An evening discussion and celebration of the semiotext(e) edition of À Nos Amis with translator Robert Hurley.
We would have liked to be brief. To forgo genealogies, etymologies, quotations.
That a poem, a song, would suffice.
We wished it would be enough to write “revolution” on a wall for the street to catch fire.
But it was necessary to untangle the skein of the present, and in places to settle accounts with ancient falsehoods.
It was necessary to try and digest seven years of historical convulsions. And decipher a world in which confusion has blossomed on a tree of misunderstanding.
We’ve taken the time to write with the hope that others would take the time to read.
Writing is a vanity, unless it’s for the friend. Including the friend one doesn’t know yet.
In the coming years, we’ll be wherever the fires are lit.
During the periods of respite, we’re not that hard to find.
We’ll continue the effort of clarification we’ve begun here.
There will be dates and places where we can mass our forces against logical targets.
There will be dates and places for meeting up and debating.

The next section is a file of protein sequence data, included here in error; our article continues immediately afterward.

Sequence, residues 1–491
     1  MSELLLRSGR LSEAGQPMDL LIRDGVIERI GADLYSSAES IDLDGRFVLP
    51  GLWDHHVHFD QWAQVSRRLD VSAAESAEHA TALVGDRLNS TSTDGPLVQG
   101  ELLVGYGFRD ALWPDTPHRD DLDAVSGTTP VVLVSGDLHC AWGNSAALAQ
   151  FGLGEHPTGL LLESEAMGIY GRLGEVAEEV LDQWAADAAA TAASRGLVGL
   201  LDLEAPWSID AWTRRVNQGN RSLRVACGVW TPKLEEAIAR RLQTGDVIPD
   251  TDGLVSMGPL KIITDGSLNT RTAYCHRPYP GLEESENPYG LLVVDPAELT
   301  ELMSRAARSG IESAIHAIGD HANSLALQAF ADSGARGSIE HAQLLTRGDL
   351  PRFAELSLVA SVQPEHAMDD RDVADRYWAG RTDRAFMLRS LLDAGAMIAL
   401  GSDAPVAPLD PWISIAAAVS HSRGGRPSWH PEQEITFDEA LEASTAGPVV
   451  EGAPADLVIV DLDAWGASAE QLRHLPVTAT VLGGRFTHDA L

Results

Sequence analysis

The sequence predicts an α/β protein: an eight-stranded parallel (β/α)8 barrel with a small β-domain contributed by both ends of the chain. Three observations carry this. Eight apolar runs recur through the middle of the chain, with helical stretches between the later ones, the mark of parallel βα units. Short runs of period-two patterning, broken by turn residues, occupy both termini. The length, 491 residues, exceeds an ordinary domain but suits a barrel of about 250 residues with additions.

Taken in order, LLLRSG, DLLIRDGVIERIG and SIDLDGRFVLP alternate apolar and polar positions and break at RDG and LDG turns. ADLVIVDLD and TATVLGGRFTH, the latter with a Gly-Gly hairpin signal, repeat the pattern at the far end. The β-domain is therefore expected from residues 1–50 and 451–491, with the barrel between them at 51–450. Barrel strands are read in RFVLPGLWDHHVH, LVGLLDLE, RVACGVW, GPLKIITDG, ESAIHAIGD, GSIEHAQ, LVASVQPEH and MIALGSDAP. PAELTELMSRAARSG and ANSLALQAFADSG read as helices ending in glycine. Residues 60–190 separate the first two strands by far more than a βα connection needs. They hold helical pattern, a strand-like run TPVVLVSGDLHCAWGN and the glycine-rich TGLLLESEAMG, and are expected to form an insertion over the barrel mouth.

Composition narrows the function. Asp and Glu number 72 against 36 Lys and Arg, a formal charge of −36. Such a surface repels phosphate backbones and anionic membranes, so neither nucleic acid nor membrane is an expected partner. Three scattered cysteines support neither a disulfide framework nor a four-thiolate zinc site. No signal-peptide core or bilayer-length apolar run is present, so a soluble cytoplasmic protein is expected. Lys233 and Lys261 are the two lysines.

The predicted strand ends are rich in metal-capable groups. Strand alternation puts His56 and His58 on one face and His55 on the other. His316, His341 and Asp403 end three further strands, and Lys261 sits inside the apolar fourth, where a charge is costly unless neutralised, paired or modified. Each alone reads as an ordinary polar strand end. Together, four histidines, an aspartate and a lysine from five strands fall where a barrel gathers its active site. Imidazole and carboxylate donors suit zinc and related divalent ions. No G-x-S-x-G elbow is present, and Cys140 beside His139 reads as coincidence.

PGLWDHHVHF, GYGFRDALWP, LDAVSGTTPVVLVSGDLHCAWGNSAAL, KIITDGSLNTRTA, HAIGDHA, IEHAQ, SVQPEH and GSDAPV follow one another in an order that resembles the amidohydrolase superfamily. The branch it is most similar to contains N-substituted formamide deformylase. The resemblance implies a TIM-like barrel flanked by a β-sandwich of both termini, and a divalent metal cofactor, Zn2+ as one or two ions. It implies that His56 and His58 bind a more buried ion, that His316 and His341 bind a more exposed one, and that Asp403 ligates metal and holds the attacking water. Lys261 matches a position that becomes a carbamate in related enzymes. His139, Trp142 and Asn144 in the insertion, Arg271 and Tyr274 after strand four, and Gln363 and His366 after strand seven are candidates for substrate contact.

We don’t know if the insurrection will have the look of a heroic assault, or if it will be a planetary fit of crying, a sudden expression of feeling after decades of anesthesia, misery, and stupidity.
Nothing guarantees that the fascist option won’t be preferred to revolution.
We’ll do what there is to be done.
Thinking, attacking, building – such is our fabulous agenda.
This text is the beginning of a plan.
In 2007 we published The Coming Insurrection in France. It must be acknowledged that a number of assertions by the Invisible Committee have since been confirmed, starting with the first and most essential: the sensational return of the insurrectionary phenomenon. Who would have bet a kopeck, seven years ago, on the overthrow of Ben Ali or Mubarak through street action, on the revolt of young people in Quebec, on the political awakening of Brazil, on the fires set French-style in the English or Swedish banlieues, on the creation of an insurrectionary commune in the very heart of Istanbul, on a movement of plaza occupations in the United States, or on the rebellion that spread throughout Greece in December of 2008?
During the seven years that separate The Coming Insurrection from To Our Friends, the agents of the Invisible Committee have continued to fight, to organize, to transport themselves to the four corners of the world, to wherever the fires were lit, and to debate with comrades of every tendency and every country. Thus To Our Friends is written at the experiential level, in connection with that general movement. Its words issue from the turmoil and are addressed to those who still believe sufficiently in life to fight as a consequence.
To Our Friends is a report on the state of the world and of the movement, a piece of writing that’s essentially strategic and openly partisan. Its political ambition is immodest: to produce a shared understanding of the epoch, in spite of the extreme confusion of the present.